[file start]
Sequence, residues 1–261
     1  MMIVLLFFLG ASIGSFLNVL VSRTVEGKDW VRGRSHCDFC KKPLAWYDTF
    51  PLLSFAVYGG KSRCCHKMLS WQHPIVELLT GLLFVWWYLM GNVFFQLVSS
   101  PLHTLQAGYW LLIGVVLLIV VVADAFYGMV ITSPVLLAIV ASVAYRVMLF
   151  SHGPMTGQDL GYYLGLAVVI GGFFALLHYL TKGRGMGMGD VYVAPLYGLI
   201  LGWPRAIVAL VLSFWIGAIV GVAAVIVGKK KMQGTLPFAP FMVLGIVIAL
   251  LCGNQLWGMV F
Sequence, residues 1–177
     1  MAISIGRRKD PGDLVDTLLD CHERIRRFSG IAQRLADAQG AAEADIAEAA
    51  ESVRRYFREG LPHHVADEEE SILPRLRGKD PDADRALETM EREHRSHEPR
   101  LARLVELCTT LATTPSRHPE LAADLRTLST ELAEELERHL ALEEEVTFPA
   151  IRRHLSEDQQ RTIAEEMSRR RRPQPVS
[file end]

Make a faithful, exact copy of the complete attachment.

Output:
Sequence, residues 1–261
     1  MMIVLLFFLG ASIGSFLNVL VSRTVEGKDW VRGRSHCDFC KKPLAWYDTF
    51  PLLSFAVYGG KSRCCHKMLS WQHPIVELLT GLLFVWWYLM GNVFFQLVSS
   101  PLHTLQAGYW LLIGVVLLIV VVADAFYGMV ITSPVLLAIV ASVAYRVMLF
   151  SHGPMTGQDL GYYLGLAVVI GGFFALLHYL TKGRGMGMGD VYVAPLYGLI
   201  LGWPRAIVAL VLSFWIGAIV GVAAVIVGKK KMQGTLPFAP FMVLGIVIAL
   251  LCGNQLWGMV F
Sequence, residues 1–177
     1  MAISIGRRKD PGDLVDTLLD CHERIRRFSG IAQRLADAQG AAEADIAEAA
    51  ESVRRYFREG LPHHVADEEE SILPRLRGKD PDADRALETM EREHRSHEPR
   101  LARLVELCTT LATTPSRHPE LAADLRTLST ELAEELERHL ALEEEVTFPA
   151  IRRHLSEDQQ RTIAEEMSRR RRPQPVS